In 1989, I started managing a semi-large commercial cattle operation for absentee owners. After acquiring the real estate in North Powder, Oregon, my job was to purchsae about 1,200 cows to start their new business adventure. The people we managed for didn't want to invest a lot of money to buy the best cows on the market, so we all agreed if we spent the money on the best bulls, we could build "the best cow herd money could buy."
One thing I have learned after 15 some years of buying good bulls is that a good bull will make an operation more money than anything else will on the ranch. So with strong Heterosis of crossbred Angus and Hereford genetics, we had a long journey of building a reputation cow herd.
In 2004, as our family grew, we felt the need to go back in business on our own. After a few moves and some real estate investment changes, we ended up on our ranch in Fort Rock, Oregon. Our youngest son, Jesse, and his family are partners with us at the ranch, while our oldest son, Kody, with his wife Joanne, their son Tyler, and daughter Megan, stayed in North Powder and formed M&H Ranch. They run about 450 commercial cows along with their haying operation.
I have a lot of friends ask why we settled in Fort Rock? My answer was good water, good soil, and good people, with lots of open spaces. With a good hay base and summer feed on several thousand acres, it had the potential of being a good fit.
Fort Rock is located in the High Desert of South Central Oregon at about 4,200 feet elevation, with temperatures that can drop in the winter to -30 below. We get about 6 to 8 inches annual rainfall, so I guess the beauty of the desert is you never know when you're in a drought. Although the desert has its beauty, the animals that are raised here are climatized for the harsh conditions. When we purchased bulls, we had to watch for bulls that fit our weather conditions. We also paid close attention that they were raised in somewhat of a large environment, so when it came time for breeding season and turn out, they didn't look across
the desert and walk to the first water tank and lay down. So we feel the bulls we raise in Fort Rock should be able to work anywhere and in any climate.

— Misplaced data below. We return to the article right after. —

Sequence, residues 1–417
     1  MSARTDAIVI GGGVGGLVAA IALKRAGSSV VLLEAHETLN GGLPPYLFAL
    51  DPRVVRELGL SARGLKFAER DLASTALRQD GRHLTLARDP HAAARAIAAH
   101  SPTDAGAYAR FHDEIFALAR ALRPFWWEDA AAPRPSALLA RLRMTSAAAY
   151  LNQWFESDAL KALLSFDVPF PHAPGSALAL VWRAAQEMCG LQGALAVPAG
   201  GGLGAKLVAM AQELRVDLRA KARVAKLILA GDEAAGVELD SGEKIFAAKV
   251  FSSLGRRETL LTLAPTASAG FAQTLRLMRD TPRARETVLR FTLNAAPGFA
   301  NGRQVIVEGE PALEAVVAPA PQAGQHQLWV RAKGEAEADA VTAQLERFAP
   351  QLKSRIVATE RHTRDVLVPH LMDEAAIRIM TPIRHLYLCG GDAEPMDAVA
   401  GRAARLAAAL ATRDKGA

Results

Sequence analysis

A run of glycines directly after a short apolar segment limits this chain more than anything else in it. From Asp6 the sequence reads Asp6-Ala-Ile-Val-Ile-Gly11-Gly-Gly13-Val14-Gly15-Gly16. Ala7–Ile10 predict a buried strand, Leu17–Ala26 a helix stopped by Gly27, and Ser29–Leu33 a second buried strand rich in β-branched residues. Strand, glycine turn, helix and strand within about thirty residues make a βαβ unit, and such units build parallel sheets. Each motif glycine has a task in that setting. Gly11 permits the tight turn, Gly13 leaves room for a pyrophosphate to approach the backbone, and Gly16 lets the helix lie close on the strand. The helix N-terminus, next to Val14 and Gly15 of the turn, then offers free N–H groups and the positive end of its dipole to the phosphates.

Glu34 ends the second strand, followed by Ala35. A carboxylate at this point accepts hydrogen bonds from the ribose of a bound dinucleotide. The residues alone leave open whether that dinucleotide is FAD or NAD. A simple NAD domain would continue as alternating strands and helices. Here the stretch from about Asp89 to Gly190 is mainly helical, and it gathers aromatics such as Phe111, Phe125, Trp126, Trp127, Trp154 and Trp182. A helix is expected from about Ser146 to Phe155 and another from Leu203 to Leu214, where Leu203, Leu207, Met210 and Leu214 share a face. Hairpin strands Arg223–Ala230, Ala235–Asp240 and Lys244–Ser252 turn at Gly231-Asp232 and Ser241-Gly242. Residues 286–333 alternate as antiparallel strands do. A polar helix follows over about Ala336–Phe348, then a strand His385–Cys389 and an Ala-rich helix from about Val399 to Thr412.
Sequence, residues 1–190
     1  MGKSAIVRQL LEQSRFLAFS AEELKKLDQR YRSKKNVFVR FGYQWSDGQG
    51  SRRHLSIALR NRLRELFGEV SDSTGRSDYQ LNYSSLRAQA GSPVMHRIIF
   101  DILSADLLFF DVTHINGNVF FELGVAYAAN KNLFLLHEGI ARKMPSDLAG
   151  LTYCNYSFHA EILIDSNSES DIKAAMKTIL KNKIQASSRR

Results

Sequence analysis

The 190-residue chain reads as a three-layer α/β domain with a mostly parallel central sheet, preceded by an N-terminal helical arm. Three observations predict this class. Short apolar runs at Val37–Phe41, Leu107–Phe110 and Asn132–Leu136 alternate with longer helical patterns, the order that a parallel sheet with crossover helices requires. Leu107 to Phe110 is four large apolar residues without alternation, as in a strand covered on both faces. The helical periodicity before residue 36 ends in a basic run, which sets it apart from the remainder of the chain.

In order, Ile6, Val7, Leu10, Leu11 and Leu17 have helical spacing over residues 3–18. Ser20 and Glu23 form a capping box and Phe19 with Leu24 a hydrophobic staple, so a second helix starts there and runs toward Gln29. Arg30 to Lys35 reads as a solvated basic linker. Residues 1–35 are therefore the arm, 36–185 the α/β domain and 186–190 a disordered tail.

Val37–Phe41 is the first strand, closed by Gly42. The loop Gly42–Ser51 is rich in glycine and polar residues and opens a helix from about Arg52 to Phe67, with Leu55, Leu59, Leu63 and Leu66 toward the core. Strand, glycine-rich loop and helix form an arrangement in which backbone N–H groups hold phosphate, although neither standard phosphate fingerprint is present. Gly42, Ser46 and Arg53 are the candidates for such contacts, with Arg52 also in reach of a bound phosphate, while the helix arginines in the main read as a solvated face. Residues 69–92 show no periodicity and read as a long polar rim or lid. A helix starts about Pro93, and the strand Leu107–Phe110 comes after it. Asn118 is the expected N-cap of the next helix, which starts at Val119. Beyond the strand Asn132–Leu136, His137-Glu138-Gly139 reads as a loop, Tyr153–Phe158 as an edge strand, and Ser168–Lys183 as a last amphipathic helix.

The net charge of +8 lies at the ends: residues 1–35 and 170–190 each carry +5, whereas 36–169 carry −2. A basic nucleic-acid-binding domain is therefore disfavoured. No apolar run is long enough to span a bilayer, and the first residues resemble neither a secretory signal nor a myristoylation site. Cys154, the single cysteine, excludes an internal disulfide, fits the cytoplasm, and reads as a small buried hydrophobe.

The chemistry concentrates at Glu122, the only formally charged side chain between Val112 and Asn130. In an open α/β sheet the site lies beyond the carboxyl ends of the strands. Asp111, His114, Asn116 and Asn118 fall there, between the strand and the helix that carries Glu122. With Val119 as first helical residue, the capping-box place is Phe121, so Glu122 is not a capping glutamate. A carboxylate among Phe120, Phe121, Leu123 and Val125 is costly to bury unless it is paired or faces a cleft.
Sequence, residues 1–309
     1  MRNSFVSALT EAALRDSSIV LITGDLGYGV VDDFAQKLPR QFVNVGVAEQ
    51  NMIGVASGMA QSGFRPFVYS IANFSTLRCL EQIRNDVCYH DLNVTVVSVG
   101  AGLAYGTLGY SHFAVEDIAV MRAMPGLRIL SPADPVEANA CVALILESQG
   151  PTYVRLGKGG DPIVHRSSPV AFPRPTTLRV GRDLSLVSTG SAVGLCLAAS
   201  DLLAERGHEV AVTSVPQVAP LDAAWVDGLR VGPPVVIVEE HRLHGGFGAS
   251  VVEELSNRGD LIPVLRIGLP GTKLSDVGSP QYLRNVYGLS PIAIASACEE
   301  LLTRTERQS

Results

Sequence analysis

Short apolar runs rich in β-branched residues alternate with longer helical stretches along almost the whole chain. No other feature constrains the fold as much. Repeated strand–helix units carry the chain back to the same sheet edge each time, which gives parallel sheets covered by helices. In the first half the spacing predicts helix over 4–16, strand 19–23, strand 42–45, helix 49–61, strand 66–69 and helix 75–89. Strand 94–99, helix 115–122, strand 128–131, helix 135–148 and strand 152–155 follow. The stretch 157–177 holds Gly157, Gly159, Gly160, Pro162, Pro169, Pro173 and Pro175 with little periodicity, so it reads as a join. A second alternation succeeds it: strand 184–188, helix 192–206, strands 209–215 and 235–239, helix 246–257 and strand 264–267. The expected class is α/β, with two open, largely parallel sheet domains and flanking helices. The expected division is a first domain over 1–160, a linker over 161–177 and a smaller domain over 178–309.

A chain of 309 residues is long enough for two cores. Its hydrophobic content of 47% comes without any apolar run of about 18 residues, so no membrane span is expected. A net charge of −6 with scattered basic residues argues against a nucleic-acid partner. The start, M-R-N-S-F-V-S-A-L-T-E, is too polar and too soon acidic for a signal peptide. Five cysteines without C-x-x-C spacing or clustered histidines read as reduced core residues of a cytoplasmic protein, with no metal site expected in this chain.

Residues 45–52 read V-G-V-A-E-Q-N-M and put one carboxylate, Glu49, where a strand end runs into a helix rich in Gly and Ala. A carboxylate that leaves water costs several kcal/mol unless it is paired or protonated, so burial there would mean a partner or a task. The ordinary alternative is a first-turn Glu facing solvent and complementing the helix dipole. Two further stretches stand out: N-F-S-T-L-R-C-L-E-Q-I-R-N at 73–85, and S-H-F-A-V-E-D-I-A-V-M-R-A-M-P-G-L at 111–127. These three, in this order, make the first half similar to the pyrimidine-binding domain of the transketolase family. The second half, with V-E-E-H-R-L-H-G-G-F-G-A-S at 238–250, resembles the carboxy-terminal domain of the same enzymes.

Another criteria, and is almost first and foremost in my book, is a bull's feet and legs. No matter how good his numbers are, they have to be sound. Until I had the opportunity to be on sifting committees at different consignment sales, I realized how little I knew about soundness, but after serveral years of working next to some of the best commercial cattlemen in the Western United States, I feel confident I can tell what makes a bull sound or not.
A bull needs agood balance on their EPDs, with moderate birth weights, lots of growth, deep-ribbed easy fleshing, and athletic ability so as to travel long distances and his condition to hold up until he comes home. I also pay real close attention to their disposition, wild cattle are not only hard on themselves, but other cattle, people, and equipment. I feel bulls can have agood dispositions and still not be "dead heads" to cover lots of country and get their job done.
Like most all breeders, we guarantee all bulls through the first breeding season. We will also offer free feed until you turn out on or before April 1st. That was one of the things that were hard for us as a bull buyer, to bring the bulls to the ranch and keep them when we didn't turn out until May.
Culling is a very important part of our management criteria for all the things I mentioned before, whether it's in our cowherd or bulls. Our goal is to have the highest quality possible.
We are excited about introducing a sound A.I. program to our cowherd, so we can take advantage of Proven Sires throughout the United States. This breeding season, we will be using Churchill Rancher 592R, and Churchill Sensation 028X, as well as maximizing all the potential of our own 8050 Son HH Advance 1003Y. His calf crop looks really good with lots of consistency to his own traits.
Last, but not least, is our honesty; we take pride in the sale of every one of our animals (or truck load of hay) and will be backed by our personal guarantee and integrity.
Again, thank you for this opportunity to tell our story and we hope we can be of service to your bull or hay needs in the future.